A verdict of TPI Kaloum decried (Guinea)


Vision Guinée

Date Published
Translated from French by an automated online translation service, so please excuse the roughness. See link for original. Thank you to Anne Dillon for both volunteering her time to find these French articles and doing the online translating.


See link for photos.

On Tuesday, July 19, 2016, the higher level court (TPI) of Kaloum returned its verdict on the file of the family Sidimé, followed for trafficking ivory. Four of the defendants were acknowledged to be guilty and condemned to six months of prison supplied with deferments, and the two others were released. For wildlife trafficking experts and the international community, this decision is weak considering the gravity of the infringement.

After a long judicial soap opera on the record of the trafficking of ivory, the higher level court (TPI) of Kaloum gave its final verdict on Tuesday, July 19, 2016. N’ Kaye Sidimé, Tinder Sidimé, Mohamed Lamine Sidimé, Sidikiba Sidimé, Mamadi Doumbouya and Mohamed Lamine Soumah, sculptors by profession, were prosecuted for trafficking elephant ivory.

The case dates back to May 2012 when the NCB Interpol, in collaboration with the sworn agents of the Forestry under the guidance of the Deputy Prosecutor with the support of GALF (Guinea-Application of the Wildlife Act), had arrested twenty-eight people in the Sidimé workshop, and put into custody the six suspected traffickers. They had been caught possessing and marketing 999 carved ivory objects. Two raw elephant tusks and 33,000 U.S. dollars were seized.

Given the scarcity of elephants in Guinea, it is clear that this amount of ivory is not from Guinea. To believe our sources, this Sidimé family is part of a major cartel of ivory trafficking in Africa, with more branches of its illegal activities in several countries.

In previous hearings, the Ministry of Environment as a civil party by the judicial officer of the State had largely explained both economic and environmental damage caused by the illegal activities of traffickers. And later, he pleaded for the Guinean State on public action to enforce the law and civil action for the payment of 500,000,000 GNF for damages and interest to the Guinean State.

For him, the weak law enforcement and corruption tainting the fight against wildlife crime, constitute an obstacle to the lifting of the sanction of the CITES Convention, which still hangs over Guinea in the eyes of the international community.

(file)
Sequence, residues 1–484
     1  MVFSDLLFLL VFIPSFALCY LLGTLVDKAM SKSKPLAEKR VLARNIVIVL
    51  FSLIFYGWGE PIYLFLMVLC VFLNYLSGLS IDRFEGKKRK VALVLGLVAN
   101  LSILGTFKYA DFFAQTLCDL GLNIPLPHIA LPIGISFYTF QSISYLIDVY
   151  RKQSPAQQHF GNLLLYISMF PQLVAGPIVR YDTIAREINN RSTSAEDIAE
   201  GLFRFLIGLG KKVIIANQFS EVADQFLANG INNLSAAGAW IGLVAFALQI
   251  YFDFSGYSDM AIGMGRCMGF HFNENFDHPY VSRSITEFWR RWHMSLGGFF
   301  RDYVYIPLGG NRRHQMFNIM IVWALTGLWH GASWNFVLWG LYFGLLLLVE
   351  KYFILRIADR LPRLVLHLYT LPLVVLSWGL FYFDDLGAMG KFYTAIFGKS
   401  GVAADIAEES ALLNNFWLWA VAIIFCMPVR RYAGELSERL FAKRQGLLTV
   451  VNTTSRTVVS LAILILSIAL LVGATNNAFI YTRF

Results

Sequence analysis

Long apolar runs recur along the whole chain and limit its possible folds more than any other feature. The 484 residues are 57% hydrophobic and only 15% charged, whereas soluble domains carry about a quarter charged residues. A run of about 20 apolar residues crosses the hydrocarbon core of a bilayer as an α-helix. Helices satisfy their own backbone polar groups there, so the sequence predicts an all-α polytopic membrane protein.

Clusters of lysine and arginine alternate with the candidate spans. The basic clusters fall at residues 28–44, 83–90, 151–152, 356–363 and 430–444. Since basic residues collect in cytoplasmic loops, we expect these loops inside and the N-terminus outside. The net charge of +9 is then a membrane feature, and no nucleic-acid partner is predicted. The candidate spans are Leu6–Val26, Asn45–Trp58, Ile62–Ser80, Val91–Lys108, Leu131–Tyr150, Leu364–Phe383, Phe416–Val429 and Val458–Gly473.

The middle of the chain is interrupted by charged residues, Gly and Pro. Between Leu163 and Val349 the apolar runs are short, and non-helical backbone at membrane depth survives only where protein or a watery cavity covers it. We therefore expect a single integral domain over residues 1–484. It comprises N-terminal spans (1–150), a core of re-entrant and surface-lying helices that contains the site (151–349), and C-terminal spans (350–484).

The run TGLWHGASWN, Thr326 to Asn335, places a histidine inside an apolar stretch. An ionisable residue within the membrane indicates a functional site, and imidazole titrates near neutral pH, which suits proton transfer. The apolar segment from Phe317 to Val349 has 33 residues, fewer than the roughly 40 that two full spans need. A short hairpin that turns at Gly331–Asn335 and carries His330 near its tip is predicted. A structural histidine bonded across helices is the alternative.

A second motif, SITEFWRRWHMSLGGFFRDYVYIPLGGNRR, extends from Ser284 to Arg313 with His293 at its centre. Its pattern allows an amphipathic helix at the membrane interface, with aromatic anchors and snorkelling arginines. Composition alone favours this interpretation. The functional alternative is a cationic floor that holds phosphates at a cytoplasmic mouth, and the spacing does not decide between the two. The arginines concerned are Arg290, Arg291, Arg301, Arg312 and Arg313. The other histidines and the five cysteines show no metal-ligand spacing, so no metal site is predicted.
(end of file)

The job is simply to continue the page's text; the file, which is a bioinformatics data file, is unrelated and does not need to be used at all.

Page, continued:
As for the public prosecutor’s office, it had already responded on the matter to the multiple actions of the defense basing its reasoning on the ignorance of the law by its customers and the irresponsibility of the Guinean State to publicize the law. Thus, the prosecutor required six months in prison and payment of a fine of 90.000 GNF. Regarding the amount seized amounting to 33,000 U.S. dollars, he had required its confiscation in order to pour it in to the Treasury.

Thus, in his deliberations of Tuesday, July 19, 2016, the usher president gave his verdict as follows: Nkaye Sidimé, Mamadi Doumbouya, Amadou Sidibé and Sidikiba Sidimé were recognized guilty and sentenced to six months in prison with probation and to pay 90,000 almond GNF.

In the civil action, he requested an amount paid of 10.000.000 GNF under damages. A substantial portion of the seals composed of 999 objects of carved ivory, and two raw elephant tusks must be returned to the Ministry of Environment and Forestry. As for the other defendants namely Mohamed Lamine Soumah and Mohamed Lamine Sidimé (the owner of the $33,000 U.S.), the judge ordered their release by restoring the full amount seized to the owner.

Already, experts and international players are starting to be heard in relation to this judicial decision that they believe is low and offers little deterrent compared to the gravity of the acts of the accused.

A speaker insists: “They were arrested with 999 ivory objects; not only they were not sentenced to prison when they are big traffickers who together form a network leader of trafficked ivory, they smuggle large quantities. And further, all this money from the traffic itself is returned to them. The ivory is like drugs today, it’s as if they arrested a drug dealer with a large sum of money and then gave him back the money from the trafficking . . .” Therefore, he continues, “the sum must be confiscated and poured in the treasury as had been requested by the public prosecutor’s office.”

It is recalled that Guinea was long cited at international meetings on trade in species and the UN CITES as a global leader in the import and export of illegal animal species. Thus, such court decisions are not likely to deter traffickers and will only worsen the image deterioration of Guinea to the international community.

For the latest information, the prosecutor usher at the higher level court (TPI) Kaloum and the civil party intend to hear an appeal following the decision.

The illegal wildlife trade is a transnational organized crime. It occupies the fifth place of illicit trade in the world, amassing profits of about $20 billion each year.